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NASA's tiny satellite is exploring a new Moon orbit

Launched Tuesday, the CAPSTONE mission is sending a small satellite to a never-before-flown orbit around the Moon, laying the foundation for future lunar operations.
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Written by Stephanie Condon, Senior Writer on

With the help of the private firm Rocket Lab, NASA on Tuesday sent a small, cube satellite on a journey to explore a never-before-flown orbit around the Moon, laying the foundation for future lunar operations. 

The CAPSTONE mission is a key step in advancing NASA's Artemis program, which will culminate with NASA landing the first woman and first person of color on the Moon. The mission is also another successful milestone for NASA in its efforts to support a commercial space economy

An image of the Cislunar Autonomous Positioning System Technology Operations and Navigation Experiment, or CAPSTONE, launching aboard Rocket Lab's Electron rocket from the Rocket Lab Launch Complex 1 on the Mahia Peninsula of New Zealand Tuesday, June 28, 2022.

Image: Rocket Lab

The aim of CAPSTONE (Cislunar Autonomous Positioning System Technology Operations and Navigation Experiment) is to test different technologies in a lunar orbit called a "near rectilinear halo orbit" (NRHO). In the near future, NASA wants to use this particular orbit as a path for Gateway -- a space station that will provide support for deep space exploration. 

SEE: NASA's Mars helicopter has a problem. This clever software trick could fix it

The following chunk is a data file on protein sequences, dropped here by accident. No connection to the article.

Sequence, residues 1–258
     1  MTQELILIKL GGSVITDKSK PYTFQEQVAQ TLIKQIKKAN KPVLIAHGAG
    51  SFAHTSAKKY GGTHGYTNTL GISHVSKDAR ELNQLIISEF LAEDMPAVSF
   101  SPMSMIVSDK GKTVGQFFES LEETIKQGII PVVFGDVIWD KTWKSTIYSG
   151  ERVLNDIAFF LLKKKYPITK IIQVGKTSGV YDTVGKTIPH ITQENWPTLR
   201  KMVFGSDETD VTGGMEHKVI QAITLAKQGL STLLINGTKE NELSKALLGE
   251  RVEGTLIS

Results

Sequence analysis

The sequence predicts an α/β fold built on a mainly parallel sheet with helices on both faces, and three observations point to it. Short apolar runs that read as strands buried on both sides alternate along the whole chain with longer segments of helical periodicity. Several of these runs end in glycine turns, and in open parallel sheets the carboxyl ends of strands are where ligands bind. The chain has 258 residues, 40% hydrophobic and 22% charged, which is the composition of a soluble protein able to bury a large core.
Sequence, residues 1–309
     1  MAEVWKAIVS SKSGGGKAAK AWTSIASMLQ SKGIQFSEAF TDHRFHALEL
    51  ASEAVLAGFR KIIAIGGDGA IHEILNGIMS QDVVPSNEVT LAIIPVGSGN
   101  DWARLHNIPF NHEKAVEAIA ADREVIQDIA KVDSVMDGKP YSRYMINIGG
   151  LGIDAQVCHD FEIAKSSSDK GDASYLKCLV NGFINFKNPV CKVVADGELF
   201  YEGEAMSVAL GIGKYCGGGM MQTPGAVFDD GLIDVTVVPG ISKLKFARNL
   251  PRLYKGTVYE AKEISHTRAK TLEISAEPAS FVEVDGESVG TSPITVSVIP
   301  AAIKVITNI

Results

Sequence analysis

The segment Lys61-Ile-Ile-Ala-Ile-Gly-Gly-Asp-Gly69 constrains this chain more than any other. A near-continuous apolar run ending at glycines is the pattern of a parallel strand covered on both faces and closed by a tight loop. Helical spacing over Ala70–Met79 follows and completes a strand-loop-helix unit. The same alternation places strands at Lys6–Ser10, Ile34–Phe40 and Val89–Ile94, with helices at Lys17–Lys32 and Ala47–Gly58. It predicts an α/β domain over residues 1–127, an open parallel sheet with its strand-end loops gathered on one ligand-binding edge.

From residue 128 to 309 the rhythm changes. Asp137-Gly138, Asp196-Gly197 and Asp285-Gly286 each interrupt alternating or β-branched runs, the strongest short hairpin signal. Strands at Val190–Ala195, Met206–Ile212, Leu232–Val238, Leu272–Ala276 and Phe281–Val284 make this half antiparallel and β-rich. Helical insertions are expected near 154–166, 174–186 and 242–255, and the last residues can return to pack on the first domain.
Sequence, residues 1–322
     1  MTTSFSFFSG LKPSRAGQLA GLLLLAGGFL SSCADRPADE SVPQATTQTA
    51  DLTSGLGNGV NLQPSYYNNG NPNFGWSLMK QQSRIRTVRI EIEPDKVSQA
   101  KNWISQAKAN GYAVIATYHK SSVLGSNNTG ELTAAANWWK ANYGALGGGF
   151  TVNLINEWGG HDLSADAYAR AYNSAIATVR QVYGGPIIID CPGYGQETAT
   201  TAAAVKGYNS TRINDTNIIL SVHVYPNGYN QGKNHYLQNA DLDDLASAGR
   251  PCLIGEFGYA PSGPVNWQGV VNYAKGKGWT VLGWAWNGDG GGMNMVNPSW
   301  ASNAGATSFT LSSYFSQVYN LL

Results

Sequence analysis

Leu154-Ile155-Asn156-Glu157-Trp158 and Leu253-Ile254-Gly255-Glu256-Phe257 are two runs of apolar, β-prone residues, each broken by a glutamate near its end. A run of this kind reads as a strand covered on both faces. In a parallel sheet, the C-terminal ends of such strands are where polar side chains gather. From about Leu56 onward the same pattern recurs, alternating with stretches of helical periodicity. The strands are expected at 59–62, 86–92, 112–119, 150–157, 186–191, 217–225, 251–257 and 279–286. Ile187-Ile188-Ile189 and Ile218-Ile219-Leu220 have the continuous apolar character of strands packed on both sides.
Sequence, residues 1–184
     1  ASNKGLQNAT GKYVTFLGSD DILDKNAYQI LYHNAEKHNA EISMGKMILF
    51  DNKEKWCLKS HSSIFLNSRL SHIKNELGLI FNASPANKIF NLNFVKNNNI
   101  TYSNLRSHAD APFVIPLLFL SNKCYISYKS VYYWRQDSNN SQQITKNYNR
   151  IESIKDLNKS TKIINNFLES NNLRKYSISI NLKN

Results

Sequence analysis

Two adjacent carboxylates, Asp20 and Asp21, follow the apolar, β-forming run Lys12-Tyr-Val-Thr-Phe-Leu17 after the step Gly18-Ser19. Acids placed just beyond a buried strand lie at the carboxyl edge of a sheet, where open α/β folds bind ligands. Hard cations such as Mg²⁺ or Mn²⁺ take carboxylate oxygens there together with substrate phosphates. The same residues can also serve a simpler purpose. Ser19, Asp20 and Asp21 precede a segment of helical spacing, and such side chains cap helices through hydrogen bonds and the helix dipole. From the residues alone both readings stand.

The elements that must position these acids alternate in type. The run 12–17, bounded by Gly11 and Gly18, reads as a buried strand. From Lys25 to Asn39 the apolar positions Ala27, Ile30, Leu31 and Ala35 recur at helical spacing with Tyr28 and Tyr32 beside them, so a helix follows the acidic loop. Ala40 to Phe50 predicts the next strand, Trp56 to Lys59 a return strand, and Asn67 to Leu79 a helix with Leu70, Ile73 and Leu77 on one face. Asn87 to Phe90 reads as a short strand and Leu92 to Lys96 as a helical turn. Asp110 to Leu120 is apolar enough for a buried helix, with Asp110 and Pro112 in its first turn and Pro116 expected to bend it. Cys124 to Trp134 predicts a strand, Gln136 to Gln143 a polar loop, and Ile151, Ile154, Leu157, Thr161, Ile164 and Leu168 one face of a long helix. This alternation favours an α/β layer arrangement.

The microwave oven-sized satellite (a CubeSat) tasked with the CAPSTONE mission launched at 5:55 am ET on Tuesday on board Rocket Lab's Electron rocket. The satellite is currently attached to Rocket Lab's Lunar Photon, a spacecraft that will send CAPSTONE to deep space. 

Shortly after the launch, Lunar Photon separated from the Electron rocket's second stage. Over the next six days, Photon's engine will periodically ignite to accelerate it beyond low-Earth orbit. After that, Photon will release the satellite on a ballistic lunar transfer trajectory to the Moon. CAPSTONE will then use its own propulsion and the Sun's gravity to navigate the rest of the way. 

The journey to the lunar orbit should take about four months. In about a week, anyone who wants to keep track of the CAPSTONE satellite will be able to via NASA's Eyes on the Solar System interactive real-time 3D data visualization. NASA will post updates about when to see CAPSTONE in the simulated view of the solar system on NASA's Ames Research Center's home page, as well as Twitter and Facebook.

Once it's in orbit, CAPSTONE will fly within 1,000 miles of the Moon's North Pole on its near pass and 43,500 miles from the South Pole at its farthest. Making a full orbit around the Moon will take six-and-a-half days. The satellite will stay there for at least six months. 

Among other things, the journey offers the opportunity to test out the Cislunar Autonomous Positioning System developed by the firm Advanced Space -- a spacecraft-to-spacecraft navigation and communications system. The system could allow future spacecraft to determine their position in space without relying on tracking from Earth.

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